Saturday, 6 June 2009

Elvis Costello, Secret, Profane and Sugarcane (2009)

My relationship to Elvis Costello's songs has been a tangled one. Golden Age Costello remains core to me—half a dozen albums from Trust onwards, with Imperial Bedroom, King of America and above all Blood and Chocolate being particularly crucial: albums which I know backwards, to which I still listen regularly, an aesthetic prompt that are deeply mixed into that strange emulsion (together with, you know, Tolkien, Browning, Nabokov, Phil Dick) in the melting pot of my own imaginative and creative life. This is the Costello written—literally—upon my body. For ages I lived the proper fan life, buying everything as soon as it was released, listening even the least promising material into submission. I recognized from an early stage that EC’s genius, as a songwriter, is essentially a pastiche genius: he can inhabit almost any style or idiom and produce something brilliant from it. This is at the heart of what I love about it, actually; because modern pop is a fundamentally pastiche art.

But then EC fell under the spell of Burt Bacharach—a perfectly fine if one-trick songwriter, of course, in his own right: but a bad influence on Elvis. Painted from Memory was alright, if a little funereally paced; but after buying North something in me snapped. I couldn’t bear that album. I tried, but I flat could not stomach it. I returned it to the shop--the first time I'd ever returned an Elvis album (ME: I’d like to return this CD, please. LAD BEHIND THE COUNTER: certainly sir. What’s wrong with it? ME: it’s just really—bad. LAD BEHIND THE COUNTER: what, is the CD damaged? ME: No, it’s the music. It’s just …. not good.) And then I went cold on EC for a year or so. But the subsequent albums won me back. The Delivery Man and Momofuku are both fine pieces of work. Besides, I was too invested—I mean, in terms of creative identification—to give up on him.

There are probably more disadvantages than advantages to even aspiring to being the Elvis Costello of SF. Even if we accept that none of us writing in the present generation can ever be the Beatles, Stones or Dylan of SF; nevertheless wouldn’t it be better, after all, to be the U2 of SF? The Coldplay of SF? The Emninem of SF? The R.E.M. of SF? Or if rank popularity was not the aim, then surely being the Smiths of SF, the Neil Young of SF, the Magnetic Fields of SF, the Fall of SF, the Radiohead of SF, the Madonna of SF, the Scott Walker of SF, would be a cannier ambition? ‘The Elvis Costello of SF’ looks more like dispraise than praise. Elvis C. has his dedicated fans, yes; but he has more detractors than admirers; those who actively dislike his sour songwriting and his vocal honk; those who care nothing for him either way. What has he done, since ‘Oliver’s Army’, after all? And say I achieved my aim, say I wrote something that was, in SF novelist terms, the equivalent on Blood and Chocolate: who would be impressed, apart from me?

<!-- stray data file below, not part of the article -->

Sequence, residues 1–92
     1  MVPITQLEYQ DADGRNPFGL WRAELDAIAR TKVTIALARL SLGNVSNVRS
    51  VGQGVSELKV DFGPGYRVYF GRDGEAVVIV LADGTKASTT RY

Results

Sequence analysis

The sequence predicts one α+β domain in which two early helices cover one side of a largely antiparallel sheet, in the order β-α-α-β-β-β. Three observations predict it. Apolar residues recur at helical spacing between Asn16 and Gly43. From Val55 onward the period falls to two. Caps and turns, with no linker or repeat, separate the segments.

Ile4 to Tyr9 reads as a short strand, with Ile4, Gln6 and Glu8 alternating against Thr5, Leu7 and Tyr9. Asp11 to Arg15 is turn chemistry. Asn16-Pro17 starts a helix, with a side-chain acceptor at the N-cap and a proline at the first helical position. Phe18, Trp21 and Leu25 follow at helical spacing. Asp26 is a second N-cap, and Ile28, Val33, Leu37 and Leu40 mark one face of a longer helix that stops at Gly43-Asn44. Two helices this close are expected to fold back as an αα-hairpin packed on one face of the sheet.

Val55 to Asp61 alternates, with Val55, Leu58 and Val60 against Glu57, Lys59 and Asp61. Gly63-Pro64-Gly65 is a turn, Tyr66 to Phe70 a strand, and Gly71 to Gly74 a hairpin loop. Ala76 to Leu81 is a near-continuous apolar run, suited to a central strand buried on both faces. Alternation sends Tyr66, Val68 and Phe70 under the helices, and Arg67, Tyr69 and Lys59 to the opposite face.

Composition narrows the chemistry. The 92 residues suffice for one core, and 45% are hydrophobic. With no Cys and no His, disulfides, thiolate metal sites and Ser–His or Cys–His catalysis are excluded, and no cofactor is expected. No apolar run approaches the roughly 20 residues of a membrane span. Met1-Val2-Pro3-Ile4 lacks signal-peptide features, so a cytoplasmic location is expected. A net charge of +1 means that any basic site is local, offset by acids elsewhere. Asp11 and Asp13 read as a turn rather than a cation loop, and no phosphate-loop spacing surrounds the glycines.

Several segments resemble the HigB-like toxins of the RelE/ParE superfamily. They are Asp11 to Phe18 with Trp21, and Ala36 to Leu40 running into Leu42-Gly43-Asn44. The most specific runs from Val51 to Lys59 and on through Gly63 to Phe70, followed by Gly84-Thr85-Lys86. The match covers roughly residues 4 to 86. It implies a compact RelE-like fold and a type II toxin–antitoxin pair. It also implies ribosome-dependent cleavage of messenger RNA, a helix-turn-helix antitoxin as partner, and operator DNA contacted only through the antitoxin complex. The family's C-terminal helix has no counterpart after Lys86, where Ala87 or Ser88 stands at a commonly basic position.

This, then, is the context to a review of Secret, Profane and Sugarcane.

And it’s a perfectly good album. It’s just not something science-fictional-novel-worthy. ‘Down Among the Wines and Spirits’ is a gorgeous, bruised little song: similar in theme to, but incomparably better than, the bafflingly popular ‘Red Red Wine’. Track 2 is a new cut of ‘Complicated Shadows’, jauntier and accordingly less punchy than the All This Useless Beauty version. ‘I Felt the Chill Before the Winter Came’ is touching, without quite being in the ‘Almost Blue’ class. ‘My All Time Doll’ doesn’t quite achieve the menace the lyrics call for. But it’s all good; and at least he’s got all the Bacharach out of his bloodstream. ‘Down Among the Wines and Spirits’ in particular wouldn't be out of place of King of America.